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Ive been trying to figure out if multithreading in an io-bound application will actually improve performance or reduce it. Many sources I have read are conflicting.

Take this one for example.

Why multithreading with io-bound is bad

The accepted answer is that if your application is io-bound multithreading will cause contention and slow down your application.

Where as is this example the answer with the highest votes states that it can improve throughput.

Why multithreading with io-bound is good

Am I misunderstanding something here?

In my situation I need to read from n disk locations n times a second. I'm finding it difficult to decide if I should be using threads at all.

For example, if I had 20 files on disk and 20 seperate threads reading from disk in a state of waiting and waking, is this going to completely slow down my system? If a pthread is executing code that reads from disk, would all the other 19 threads doing the same thing on different file be blocked?

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We are also considering a multithreaded disk I/O approach on Android. Currently we have over 20,000 files that each take ~12ms to read (which equates to 4 minutes - which is painful). The idea is to spawn N threads and share the files amoung them to try and reduce the overall read time. Did you conclude anything definitive in the end? I'd be interested to hear anything you have to share. P – protectedmember Aug 5 '12 at 21:09
up vote 1 down vote accepted

Why do you need multithreading for this? If you work with single disk, multithreading will provide the same performance in the best case or a bit slower otherwise.

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Im beginning to think now that I dont need it. I'm an inexperienced programmer and was naievly trying to improve my application – dubbeat Oct 25 '11 at 21:31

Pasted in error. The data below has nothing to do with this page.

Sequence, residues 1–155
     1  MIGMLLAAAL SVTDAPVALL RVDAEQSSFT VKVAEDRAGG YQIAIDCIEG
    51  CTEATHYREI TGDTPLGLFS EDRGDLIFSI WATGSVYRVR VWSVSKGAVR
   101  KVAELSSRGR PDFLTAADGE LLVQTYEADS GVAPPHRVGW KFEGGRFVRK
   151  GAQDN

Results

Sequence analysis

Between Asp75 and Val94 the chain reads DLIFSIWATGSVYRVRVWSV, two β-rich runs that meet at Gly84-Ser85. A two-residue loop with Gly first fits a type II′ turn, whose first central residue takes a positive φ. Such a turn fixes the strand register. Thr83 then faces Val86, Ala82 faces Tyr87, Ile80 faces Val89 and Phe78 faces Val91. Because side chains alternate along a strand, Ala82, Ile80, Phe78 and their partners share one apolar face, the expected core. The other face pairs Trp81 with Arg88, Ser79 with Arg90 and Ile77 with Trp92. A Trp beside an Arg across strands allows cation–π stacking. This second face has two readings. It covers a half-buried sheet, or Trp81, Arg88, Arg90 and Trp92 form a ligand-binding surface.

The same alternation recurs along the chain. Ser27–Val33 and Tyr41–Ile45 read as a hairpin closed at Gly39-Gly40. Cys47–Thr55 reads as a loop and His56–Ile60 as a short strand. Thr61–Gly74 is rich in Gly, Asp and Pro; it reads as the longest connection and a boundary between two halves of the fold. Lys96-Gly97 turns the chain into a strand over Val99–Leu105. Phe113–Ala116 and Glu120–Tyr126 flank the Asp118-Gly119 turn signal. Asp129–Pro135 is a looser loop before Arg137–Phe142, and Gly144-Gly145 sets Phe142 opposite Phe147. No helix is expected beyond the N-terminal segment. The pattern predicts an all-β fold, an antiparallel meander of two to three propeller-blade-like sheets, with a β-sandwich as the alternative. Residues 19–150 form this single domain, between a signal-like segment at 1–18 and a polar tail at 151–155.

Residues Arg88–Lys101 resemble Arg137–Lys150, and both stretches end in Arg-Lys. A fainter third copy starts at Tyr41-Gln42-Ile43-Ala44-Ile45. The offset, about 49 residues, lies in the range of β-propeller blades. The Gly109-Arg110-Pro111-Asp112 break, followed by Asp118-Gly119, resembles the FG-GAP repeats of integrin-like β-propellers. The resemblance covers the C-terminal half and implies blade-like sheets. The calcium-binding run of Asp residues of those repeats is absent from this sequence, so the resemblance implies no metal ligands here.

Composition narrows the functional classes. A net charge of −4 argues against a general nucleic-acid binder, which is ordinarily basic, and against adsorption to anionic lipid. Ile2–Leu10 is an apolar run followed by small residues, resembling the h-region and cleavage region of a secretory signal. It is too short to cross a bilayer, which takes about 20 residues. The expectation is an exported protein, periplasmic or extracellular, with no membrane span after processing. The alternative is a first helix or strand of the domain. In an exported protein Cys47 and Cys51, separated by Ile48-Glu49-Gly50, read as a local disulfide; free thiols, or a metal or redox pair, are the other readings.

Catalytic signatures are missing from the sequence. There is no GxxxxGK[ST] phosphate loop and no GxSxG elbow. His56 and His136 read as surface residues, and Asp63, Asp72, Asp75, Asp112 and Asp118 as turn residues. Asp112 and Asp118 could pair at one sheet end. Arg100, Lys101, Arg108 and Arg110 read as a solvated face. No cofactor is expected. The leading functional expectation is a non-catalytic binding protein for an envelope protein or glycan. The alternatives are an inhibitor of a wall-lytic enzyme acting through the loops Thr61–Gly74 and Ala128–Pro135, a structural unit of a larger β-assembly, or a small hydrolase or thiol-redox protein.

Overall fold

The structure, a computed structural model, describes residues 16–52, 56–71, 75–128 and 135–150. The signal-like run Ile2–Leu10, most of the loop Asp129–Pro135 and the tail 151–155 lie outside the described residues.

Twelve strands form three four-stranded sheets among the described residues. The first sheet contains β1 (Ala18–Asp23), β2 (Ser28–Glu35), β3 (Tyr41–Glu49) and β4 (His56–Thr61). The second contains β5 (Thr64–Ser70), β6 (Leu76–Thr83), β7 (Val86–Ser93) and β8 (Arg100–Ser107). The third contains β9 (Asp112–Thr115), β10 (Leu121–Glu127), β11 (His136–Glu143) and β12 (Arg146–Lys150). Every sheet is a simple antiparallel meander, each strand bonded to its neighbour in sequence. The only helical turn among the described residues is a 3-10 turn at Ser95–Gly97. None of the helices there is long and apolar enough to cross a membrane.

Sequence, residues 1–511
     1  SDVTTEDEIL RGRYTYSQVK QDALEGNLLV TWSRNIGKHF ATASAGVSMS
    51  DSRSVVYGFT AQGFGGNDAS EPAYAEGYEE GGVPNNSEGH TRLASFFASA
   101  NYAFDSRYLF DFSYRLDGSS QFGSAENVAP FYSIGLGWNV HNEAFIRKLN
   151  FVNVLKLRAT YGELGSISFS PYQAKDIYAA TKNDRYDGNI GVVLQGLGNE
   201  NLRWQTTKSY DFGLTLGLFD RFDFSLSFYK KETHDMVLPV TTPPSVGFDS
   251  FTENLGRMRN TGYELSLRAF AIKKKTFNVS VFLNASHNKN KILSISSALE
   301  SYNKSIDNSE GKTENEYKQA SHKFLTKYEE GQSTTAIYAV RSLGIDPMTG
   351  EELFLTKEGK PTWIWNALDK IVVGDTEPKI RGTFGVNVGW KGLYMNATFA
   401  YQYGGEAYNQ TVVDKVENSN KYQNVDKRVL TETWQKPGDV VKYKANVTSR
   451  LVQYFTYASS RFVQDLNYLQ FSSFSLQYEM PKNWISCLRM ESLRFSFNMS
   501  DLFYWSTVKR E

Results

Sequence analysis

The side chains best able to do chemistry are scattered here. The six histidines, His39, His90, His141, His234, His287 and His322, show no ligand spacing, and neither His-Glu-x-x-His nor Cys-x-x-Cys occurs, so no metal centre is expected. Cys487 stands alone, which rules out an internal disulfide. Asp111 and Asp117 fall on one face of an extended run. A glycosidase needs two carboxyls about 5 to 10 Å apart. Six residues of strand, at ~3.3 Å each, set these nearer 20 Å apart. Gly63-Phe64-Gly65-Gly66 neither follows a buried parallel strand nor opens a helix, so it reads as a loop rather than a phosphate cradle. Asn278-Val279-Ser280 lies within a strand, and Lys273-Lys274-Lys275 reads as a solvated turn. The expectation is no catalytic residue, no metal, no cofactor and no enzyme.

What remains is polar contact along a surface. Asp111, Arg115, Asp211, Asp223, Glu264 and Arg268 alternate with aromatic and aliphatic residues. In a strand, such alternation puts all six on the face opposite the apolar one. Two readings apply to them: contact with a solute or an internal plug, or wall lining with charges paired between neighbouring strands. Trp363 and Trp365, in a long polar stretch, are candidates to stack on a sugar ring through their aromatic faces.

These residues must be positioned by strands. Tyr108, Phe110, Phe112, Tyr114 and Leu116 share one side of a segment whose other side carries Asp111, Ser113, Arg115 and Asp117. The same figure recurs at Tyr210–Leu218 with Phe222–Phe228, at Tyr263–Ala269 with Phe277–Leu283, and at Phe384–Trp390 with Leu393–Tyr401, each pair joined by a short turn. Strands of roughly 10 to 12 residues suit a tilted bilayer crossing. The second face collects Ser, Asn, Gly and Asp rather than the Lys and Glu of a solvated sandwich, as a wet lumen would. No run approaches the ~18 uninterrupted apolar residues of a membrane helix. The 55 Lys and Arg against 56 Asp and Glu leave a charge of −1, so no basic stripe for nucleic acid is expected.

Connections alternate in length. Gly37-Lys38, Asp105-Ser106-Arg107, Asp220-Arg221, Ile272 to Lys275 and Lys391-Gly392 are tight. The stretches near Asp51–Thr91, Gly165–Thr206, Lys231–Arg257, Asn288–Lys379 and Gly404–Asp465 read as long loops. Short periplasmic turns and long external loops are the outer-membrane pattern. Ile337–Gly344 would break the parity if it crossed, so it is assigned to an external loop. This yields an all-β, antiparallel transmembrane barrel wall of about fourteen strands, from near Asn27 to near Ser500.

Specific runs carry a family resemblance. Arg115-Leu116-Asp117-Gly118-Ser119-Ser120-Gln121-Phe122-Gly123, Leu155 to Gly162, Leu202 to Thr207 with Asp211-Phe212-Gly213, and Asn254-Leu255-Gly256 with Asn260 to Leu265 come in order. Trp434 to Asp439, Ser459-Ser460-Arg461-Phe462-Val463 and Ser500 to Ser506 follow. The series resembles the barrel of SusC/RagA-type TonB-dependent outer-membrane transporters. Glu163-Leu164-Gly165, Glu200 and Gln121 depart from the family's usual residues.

Think how to reduce data amount that is stored on disk, consider binary format or some fast compression. – Andy T Oct 25 '11 at 21:40

In this question:

Does it make sense to spawn more than one thread per processor?

That you labeled "why multithreading with io-bound is good", the top answer has 16 upvotes and he states that "If your software makes frequent use of disk or network IO". Take particular note of the last part, "network IO". This is a distinguishing factor from your first linked question, which is only about threads and disk IO.

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the difference between disk io and network io being that network io as @ObscureRobot states may be able to "handle multiple disk requests in parallel" ? – dubbeat Oct 25 '11 at 22:05
It's not just that. Disks are typically much faster than networks and so can serve up several network links at once. Network connections typically have a much higher latency - unlike disks, it may take seconds just to set up a connection before a single byte gets transferred. Multiple threads mitigate this latency since some threads can be transferring data while others are waiting for DNS lookups and 4/3-way TCP handshakes to complete. – Martin James Oct 26 '11 at 8:52

The only way that additional threads will help in an io-bound situation is if your storage system can handle multiple requests in parallel. This can be the case on high end storage arrays, but is unlikely to be the case on a consumer device like the ipad.

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